The light/water pattern play reads vibration, movement and transformation, the white flowy fabric almost feels like wings, it’s all very light magic angels in color but the whole piece reads in a slightly jumbled, unsettling way, like a moving puzzle your brain has to put together. I did the collage and the conceptual work, but QU took the photographs that became the final image.
Dramachine – ΣΥΓΚΙΝΗΣΙΑΚΗ ΠΑΝΟΥΚΛΑ (Erste Theke Tontraeger)
A Greek punk project brought by “3 mortals trying to survive in a world of snake-eating bats, ex-boyfriends, extreme weather conditions, self-improvement freaks and low wages,” Dramachine entrusted their textured black and white cover for ΣΥΓΚΙΝΗΣΙΑΚΗ ΠΑΝΟΥΚΛΑ to illustrator and comic artist, Disco Suicide.
Eyedress – Mulholland Drive (Lex Records)
Eyedress’ fourth album, Mulholland Drive, is the latest evolution of the Filipino musician’s unique sound, which Eyedress says is “about loving yourself and your life.” Illustrated by Brain Dead., the purple opens up like a window to reveal the musician’s face, peeking through in lime green.
Album Artwork: Brain Dead.
Gravesend – Methods of Human Disposal (20 Buck Spin)
A Xerox aesthetic amplifies the music of NYC-based metal band Gravesend, who present Methods of Human Disposal as an “aural manifesto of urban blight and disgust… [working] like a lone killer stalking the streets, internally seething with rage, preparing to cast off the last remnants of restraint.”
Jaguar – Madremonte (El Palmas Music)
On their debut album, Madramonte, Europe-based Colombian duo Jaguar mine the sounds of the Colombian Caribbean and global dance subculture. The full-length includes a suite of singles which are unified by a collage aesthetic featuring variations of different items and stylistic manipulations of the band’s name in red, created by artist Daria Mechkat.
Jamire Williams – But Only After You Have Suffered (International Anthem)
Nik Ewing (Visual Artist):
Jamire and I had been wanting to connect on a project for a little bit, so I was pretty honored when he sent me this album and asked me to be involved visually. We spoke about beauty in mistakes. Jamire dug through a lot of mixed media/collage pieces of mine to see if anything struck a chord. He came across this image that became the album artwork almost as is. I was painting over faces from an old magazine. I stacked them all together not feeling anything I had made that day. Fortunately, I accidentally put those pages away while the paint was still wet and a lot of the pages were glued together by the paint. Pulling the pages apart the next day resulted in this happy accident. Rich details from many other different elements, which, to me, represents the avant mixing of genres Jamire beautifully accomplishes on this brilliant album. Similar with the typography. We spoke about simple ’70s inspired, classic centered text. I made a handful of options and was exporting .jpgs to show Jamire, but accidentally saved a version with multiple layers on which we both really liked that then became the guiding typography theme throughout the album artwork, promotion and marketing. Beauty in mistakes. Happy accidents.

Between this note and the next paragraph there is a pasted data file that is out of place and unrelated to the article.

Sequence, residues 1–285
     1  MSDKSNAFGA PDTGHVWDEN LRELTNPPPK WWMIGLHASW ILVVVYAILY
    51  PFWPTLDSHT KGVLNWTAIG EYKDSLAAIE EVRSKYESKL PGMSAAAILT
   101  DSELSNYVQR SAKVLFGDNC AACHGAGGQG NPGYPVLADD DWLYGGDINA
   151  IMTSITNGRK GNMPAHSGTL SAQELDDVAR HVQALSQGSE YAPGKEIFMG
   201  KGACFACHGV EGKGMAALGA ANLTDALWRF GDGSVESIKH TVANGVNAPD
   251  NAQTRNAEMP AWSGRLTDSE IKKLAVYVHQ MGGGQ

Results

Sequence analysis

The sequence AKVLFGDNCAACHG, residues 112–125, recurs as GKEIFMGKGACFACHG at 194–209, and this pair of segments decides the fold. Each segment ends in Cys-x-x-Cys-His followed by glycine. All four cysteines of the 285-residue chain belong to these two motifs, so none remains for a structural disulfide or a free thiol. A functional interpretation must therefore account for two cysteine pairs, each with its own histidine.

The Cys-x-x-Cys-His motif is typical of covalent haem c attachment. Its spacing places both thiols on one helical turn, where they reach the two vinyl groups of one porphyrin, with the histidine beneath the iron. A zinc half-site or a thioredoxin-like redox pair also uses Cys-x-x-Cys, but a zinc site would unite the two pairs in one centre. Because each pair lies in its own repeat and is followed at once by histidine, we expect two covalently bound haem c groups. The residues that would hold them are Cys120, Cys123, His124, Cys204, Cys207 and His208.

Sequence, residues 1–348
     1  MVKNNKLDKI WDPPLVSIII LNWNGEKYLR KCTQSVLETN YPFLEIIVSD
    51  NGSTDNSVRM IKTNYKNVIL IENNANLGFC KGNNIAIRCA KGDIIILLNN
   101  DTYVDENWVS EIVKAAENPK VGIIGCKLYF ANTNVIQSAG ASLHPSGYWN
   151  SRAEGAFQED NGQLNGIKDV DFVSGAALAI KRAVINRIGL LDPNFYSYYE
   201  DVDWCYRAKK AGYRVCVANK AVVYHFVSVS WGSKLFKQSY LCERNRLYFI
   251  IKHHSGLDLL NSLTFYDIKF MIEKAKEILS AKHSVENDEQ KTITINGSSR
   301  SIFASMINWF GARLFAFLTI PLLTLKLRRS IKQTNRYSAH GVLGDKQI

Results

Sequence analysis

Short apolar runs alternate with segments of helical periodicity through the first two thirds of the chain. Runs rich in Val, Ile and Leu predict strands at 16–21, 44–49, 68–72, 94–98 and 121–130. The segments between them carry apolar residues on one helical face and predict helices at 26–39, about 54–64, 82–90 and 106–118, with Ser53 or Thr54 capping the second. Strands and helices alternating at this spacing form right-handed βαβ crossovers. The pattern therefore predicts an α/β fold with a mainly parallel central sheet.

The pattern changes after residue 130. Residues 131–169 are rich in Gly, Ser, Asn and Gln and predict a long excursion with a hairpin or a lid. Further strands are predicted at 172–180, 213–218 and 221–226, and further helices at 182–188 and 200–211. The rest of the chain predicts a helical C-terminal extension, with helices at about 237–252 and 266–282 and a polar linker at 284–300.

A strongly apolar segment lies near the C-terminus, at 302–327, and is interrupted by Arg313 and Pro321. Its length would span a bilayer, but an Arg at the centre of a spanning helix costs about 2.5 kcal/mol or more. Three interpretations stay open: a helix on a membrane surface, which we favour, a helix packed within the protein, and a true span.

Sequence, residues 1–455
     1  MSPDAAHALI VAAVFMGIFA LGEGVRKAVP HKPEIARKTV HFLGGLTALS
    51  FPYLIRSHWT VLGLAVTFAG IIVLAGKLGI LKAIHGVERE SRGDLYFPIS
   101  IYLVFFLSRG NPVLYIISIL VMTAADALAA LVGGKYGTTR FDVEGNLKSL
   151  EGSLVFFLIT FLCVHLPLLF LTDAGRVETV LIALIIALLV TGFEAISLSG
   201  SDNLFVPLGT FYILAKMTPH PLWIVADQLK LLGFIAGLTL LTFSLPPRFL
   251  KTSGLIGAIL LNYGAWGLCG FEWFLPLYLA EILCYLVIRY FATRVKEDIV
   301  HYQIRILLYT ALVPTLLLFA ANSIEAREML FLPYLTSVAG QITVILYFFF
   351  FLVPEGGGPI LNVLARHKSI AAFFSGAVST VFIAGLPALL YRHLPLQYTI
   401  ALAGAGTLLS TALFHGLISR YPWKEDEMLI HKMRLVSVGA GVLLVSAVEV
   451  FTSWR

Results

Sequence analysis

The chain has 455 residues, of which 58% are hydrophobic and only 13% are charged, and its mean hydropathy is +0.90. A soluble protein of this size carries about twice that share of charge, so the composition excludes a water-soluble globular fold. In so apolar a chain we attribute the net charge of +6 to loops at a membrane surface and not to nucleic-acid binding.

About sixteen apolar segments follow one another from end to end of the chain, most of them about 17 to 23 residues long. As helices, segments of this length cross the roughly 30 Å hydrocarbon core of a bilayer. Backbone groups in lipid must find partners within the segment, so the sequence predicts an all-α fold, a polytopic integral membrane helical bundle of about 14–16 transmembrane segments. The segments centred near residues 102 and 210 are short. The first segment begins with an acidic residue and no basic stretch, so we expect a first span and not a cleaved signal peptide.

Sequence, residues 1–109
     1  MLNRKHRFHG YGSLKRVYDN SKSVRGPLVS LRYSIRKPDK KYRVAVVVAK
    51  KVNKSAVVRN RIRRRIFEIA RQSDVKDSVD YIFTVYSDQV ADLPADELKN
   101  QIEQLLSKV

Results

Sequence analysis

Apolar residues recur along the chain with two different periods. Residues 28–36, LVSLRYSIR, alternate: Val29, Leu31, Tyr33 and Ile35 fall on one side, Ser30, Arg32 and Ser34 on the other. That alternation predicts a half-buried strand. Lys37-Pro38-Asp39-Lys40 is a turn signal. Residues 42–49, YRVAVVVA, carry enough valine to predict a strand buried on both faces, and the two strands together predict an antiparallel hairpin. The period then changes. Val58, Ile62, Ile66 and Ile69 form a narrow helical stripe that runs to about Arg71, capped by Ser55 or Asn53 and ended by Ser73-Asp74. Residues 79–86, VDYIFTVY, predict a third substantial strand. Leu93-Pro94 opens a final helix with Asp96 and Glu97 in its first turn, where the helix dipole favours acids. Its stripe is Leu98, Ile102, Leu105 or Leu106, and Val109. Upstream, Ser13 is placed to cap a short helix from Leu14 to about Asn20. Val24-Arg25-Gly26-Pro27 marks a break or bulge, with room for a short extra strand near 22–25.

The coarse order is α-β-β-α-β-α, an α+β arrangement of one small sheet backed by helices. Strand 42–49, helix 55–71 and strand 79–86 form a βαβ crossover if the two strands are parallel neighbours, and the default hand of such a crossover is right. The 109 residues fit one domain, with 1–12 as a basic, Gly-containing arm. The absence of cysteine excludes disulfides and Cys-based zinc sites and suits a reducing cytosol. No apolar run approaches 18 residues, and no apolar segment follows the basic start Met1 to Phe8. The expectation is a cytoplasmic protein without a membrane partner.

Lyra Pramuk – Delta (Bedroom Community)
From the press release:
On Delta, a dozen artists across four continents freely interpret Fountain across a double-album, again featuring Donna Huanca’s surreal artwork, and the unearthly graphic manipulations of Nufolklore Studios. Remaining faithful to Fountain‘s presentation, Lyra’s curation reflects her commitment to stylistic diversity, with the old guard and the next wave alongside each other. Where some artists chose to rework existing works, others composed new material from fragments found across the record. The results showcase the very themes of wordless identity conflict and technological concerns that Lyra and her foremothers have projected.
Mega Bog – Life, and Another (Paradise of Bachelors)
On Life, and Another, avant pop musician Erin Birgy tends a succulent garden full of plants that the unwitting passerby might mistakenly perceive as extraterrestrial, but which are in fact very much of this Earth. The album’s release includes a full-color book — limited to 300 copies only — featuring images, songwriting and studio notes, collages and texts by Erin Birgy, drawings by Zach Burba, and design by Joel Gregory. Watch a preview.